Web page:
The FAANGs were in a bubble for the last year.

These are the stocks that led the market higher — Facebook, Apple, Amazon, Netflix and Alphabet (parent of Google).

Bubbles are times when prices race higher, ignoring the fundamentals.

They start based on rational assessments. It’s rational to expect the FAANGs to deliver big profits. These are companies creating new markets.

Facebook connects people and companies on social media.

Apple created the iPhone.

Amazon created a store selling everything from the cloud.

Netflix created streaming entertainment.

Google created the ability to target ads based on search histories and extremely personal data.

Collectively, the stock prices of the group reflected hopes for the new markets. And a bubble developed.

But the bubble reached irrational peaks. All bubbles do. And the chart below shows the bubble popped.

The chart shows an index of the FAANG stocks. The index averages daily price changes in the stocks. At the bottom is the one-year rate of change (ROC) indicator.

The dashed line marks the 40% level. When prices are 40% higher than they were a year ago, we are in a bubble. That’s simply because companies cannot grow sales and earnings at 40% a year for extended periods of time.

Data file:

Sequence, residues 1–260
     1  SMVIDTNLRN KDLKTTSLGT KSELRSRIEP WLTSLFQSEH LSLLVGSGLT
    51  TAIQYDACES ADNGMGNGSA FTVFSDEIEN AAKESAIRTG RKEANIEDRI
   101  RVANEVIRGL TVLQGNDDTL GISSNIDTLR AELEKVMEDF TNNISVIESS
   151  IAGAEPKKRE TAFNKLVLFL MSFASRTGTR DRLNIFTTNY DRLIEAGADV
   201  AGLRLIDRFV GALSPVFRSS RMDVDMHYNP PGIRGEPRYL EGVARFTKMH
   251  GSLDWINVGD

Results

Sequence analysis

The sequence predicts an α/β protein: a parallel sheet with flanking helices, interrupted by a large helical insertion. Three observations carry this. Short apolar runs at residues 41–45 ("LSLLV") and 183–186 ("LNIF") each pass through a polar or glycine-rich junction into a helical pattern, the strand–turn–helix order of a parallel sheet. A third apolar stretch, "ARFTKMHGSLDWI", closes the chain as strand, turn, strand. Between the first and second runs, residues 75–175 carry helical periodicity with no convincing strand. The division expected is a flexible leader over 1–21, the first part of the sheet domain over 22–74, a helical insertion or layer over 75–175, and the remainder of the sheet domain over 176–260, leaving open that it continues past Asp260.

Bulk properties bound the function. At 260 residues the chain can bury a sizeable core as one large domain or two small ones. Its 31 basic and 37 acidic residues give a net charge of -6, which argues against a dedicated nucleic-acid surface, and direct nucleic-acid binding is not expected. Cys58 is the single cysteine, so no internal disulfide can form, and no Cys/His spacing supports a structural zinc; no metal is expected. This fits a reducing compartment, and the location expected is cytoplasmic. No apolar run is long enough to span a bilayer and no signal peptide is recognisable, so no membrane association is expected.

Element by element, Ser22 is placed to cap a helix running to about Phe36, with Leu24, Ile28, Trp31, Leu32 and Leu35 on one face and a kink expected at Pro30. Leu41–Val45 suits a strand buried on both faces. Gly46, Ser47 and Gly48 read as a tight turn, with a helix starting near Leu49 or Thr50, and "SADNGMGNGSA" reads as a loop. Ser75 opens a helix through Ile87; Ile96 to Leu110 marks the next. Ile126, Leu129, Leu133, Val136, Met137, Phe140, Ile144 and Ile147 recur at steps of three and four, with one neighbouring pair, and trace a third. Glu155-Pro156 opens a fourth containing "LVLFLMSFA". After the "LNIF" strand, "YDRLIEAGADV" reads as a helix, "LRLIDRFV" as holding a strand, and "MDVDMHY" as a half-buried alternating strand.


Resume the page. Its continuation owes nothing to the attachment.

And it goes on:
Bubbles can last for months or even years. Because a bubble becomes irrational, there’s no way to forecast when it will pop. But ROC signals after it pops.

History shows when the one-year ROC drops back below 40%, the bubble is over. At a minimum, prices move sideways after that. More often, prices fall sharply after the indicator gives its sell signal.

The recent market sell-off pushed the ROC of the FAANG index under 40%. That’s the sell signal in the FAANG bubble.

Since the FAANGs make up so much of the major market averages, that means the stock market is in a downtrend.


Michael Carr, CMT, CFTe

Editor, Peak Velocity Trader